The Density of Wisdom: 28 Timeless Teachings of Epictetus
Throughout my life, I’ve always loved the Greek philosophers. I’ve put together collections of quotes from Aristotle and Plato, but one of my favorite philosophers has always been Epictetus. Epictetus lived a hard life, even by ancient standards. He was born a slave and went to Rome as a boy where he was the servant to a wealthy master. He was granted permission to study philosophy by his master, and as he did so, he gained notoriety, even as a slave. Sometime around 68AD, Epictetus was granted his freedom and began teaching philosophy as a free man. In 93AD, the current emperor of Rome banished all philosophers from the city and so Epictetus went to northern Greece where he lived out the rest of his life.
I’ve always held Epictetus in high regard because I’ve always believed that the value of the advice a person gives is directly proportional to the life they have lived.
For instance, would you rather take business advice from a trust fund baby who inherited a corporation or the guy who built an empire out of nothing? Sure, they both may have excellent points to what they are saying, but the advice from the guy who went from rags to riches carries more weight in my opinion. It’s a concept not unlike density in physics: two objects of the same size can have two completely different weights.
Epictetus believed that philosophy wasn’t something you taught, but yet a way of living. One of his most famous excerpts that I love referring back to says:
“How long are you going to wait before you demand the best for yourself and in no instance bypass the discriminations of reason? You have been given the principles that you ought to endorse, and you have endorsed them. What kind of teacher, then, are you still waiting for in order to refer your self-improvement to him? You are no longer a boy, but a full-grown man. If you are careless and lazy now and keep putting things off and always deferring the day after which you will attend to yourself, you will not notice that you are making no progress, but you will live and die as someone quite ordinary.
From now on, then, resolve to live as a grown-up who is making progress, and make whatever you think best a law that you never set aside. And whenever you encounter anything that is difficult or pleasurable, or highly or lowly regarded, remember that the contest is now: you are at the Olympic Games, you cannot wait any longer, and that your progress is wrecked or preserved by a single day and a single event. That is how Socrates fulfilled himself by attending to nothing except reason in everything he encountered. And you, although you are not yet a Socrates, should live as someone who at least wants to be a Socrates.”
I think we should all strive to be a Socrates.
Here is a brief collection of some of my favorite quotes from a man who didn’t just teach philosophy, he lived it.
“If anyone tells you that a certain person speaks ill of you, do not make excuses about what is said of you but answer, “He was ignorant of my other faults, else he would not have mentioned these alone.”
“Wealth consists not in having great possessions, but in having few wants.”
“Don’t explain your philosophy. Embody it.”
“There is only one way to happiness and that is to cease worrying about things which are beyond the power or our will. ”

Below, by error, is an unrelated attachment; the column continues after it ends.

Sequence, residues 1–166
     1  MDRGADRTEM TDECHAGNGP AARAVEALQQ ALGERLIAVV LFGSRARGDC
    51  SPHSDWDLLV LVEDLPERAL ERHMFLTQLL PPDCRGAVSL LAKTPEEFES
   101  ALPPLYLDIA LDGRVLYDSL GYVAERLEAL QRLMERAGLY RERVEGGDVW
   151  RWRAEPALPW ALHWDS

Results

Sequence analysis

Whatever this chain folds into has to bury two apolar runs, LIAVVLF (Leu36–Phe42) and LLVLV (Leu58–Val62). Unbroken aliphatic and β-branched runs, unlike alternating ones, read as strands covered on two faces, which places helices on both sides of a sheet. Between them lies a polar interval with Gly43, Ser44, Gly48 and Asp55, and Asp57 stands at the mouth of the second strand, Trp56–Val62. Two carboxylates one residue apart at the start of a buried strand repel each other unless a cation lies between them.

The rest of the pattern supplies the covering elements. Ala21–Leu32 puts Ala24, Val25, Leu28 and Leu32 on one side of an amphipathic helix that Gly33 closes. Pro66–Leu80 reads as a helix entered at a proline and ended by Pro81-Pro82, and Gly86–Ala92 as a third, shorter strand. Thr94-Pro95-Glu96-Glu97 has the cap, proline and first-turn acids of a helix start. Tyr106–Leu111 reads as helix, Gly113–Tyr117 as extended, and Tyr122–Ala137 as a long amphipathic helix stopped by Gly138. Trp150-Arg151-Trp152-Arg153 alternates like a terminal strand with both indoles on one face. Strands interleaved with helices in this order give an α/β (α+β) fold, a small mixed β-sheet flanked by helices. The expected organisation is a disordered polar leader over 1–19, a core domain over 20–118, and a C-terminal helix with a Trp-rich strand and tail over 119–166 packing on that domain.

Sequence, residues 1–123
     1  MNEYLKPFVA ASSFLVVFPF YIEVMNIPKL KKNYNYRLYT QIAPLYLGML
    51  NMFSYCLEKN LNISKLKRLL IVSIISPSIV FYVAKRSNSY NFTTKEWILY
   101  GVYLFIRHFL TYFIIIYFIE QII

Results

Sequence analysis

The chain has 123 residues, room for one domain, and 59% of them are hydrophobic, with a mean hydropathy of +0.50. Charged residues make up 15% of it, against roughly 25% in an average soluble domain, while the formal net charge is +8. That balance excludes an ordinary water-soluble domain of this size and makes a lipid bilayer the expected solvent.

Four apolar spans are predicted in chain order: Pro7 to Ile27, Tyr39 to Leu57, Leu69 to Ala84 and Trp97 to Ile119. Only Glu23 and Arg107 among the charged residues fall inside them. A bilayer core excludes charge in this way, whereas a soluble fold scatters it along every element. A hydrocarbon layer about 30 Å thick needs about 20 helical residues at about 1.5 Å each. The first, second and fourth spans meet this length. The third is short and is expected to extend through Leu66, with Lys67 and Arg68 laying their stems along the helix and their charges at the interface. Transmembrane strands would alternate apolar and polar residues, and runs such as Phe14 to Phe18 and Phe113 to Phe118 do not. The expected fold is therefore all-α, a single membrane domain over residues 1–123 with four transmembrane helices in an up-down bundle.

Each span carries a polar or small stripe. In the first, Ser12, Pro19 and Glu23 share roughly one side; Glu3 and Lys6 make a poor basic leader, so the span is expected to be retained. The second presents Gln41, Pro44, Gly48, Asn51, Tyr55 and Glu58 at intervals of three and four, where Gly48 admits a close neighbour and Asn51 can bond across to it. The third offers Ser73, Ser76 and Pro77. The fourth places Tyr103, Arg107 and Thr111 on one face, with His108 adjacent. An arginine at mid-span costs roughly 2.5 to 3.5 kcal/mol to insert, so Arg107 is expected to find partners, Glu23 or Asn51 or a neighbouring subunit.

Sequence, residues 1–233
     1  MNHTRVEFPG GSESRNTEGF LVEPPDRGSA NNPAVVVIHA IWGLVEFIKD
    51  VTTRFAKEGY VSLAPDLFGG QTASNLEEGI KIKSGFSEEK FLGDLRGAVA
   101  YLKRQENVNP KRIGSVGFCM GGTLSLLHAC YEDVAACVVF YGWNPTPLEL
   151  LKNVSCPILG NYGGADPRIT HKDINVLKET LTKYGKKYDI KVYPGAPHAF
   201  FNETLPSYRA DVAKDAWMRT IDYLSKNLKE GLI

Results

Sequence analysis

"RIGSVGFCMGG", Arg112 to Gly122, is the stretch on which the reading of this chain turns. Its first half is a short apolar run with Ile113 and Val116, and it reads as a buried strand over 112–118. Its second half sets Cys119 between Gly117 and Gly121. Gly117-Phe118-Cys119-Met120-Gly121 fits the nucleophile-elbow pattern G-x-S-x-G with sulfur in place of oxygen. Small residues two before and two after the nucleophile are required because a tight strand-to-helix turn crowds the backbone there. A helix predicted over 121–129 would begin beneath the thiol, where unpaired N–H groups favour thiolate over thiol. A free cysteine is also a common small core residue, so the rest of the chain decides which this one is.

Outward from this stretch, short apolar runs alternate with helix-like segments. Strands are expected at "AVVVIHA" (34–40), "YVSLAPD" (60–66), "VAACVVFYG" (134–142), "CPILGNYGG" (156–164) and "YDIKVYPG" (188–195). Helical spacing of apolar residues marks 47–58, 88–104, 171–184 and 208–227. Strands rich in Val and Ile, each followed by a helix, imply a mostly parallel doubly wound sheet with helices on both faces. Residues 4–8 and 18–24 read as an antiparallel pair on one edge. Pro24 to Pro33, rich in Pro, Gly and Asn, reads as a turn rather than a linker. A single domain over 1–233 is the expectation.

“Don’t just say you have read books. Show that through them you have learned to think better, to be a more discriminating and reflective person. Books are the training weights of the mind. They are very helpful, but it would be a bad mistake to suppose that one has made progress simply by having internalized their contents.”
“Man is not worried by real problems so much as by his imagined anxieties about real problems”
“First say to yourself what you would be; and then do what you have to do.”
“If you want to improve, be content to be thought foolish and stupid.”
“The key is to keep company only with people who uplift you, whose presence calls forth your best.”
“It’s not what happens to you, but how you react to it that matters.”
“Any person capable of angering you becomes your master; he can anger you only when you permit yourself to be disturbed by him.”
“He who laughs at himself never runs out of things to laugh at.”
“Other people’s views and troubles can be contagious. Don’t sabotage yourself by unwittingly adopting negative, unproductive attitudes through your associations with others.”
“Freedom is the only worthy goal in life. It is won by disregarding things that lie beyond our control.”
“Only the educated are free.”
“Circumstances don’t make the man, they only reveal him to himself.”
“It is impossible for a man to learn what he thinks he already knows.”
“Nature hath given men one tongue but two ears, that we may hear from others twice as much as we speak.”
“To accuse others for one’s own misfortune is a sign of want of education. To accuse oneself shows that one’s education has begun. To accuse neither oneself nor others shows that one’s education is complete.”
“People are not disturbed by things, but by the views they take of them.”
“You are a little soul carrying around a corpse”
“First learn the meaning of what you say, and then speak.”
“I laugh at those who think they can damage me. They do not know who I am, they do not know what I think, they cannot even touch the things which are really mine and with which I live.”
“Attach yourself to what is spiritually superior, regardless of what other people think or do. Hold to your true aspirations no matter what is going on around you.”
“The greater the difficulty, the more glory in surmounting it. Skillful pilots gain their reputation from storms and tempests. ”
“No man is free who is not master of himself.”
“He is a wise man who does not grieve for the things which he has not, but rejoices for those which he has. ”
“Seek not the good in external things; seek it in yourselves.”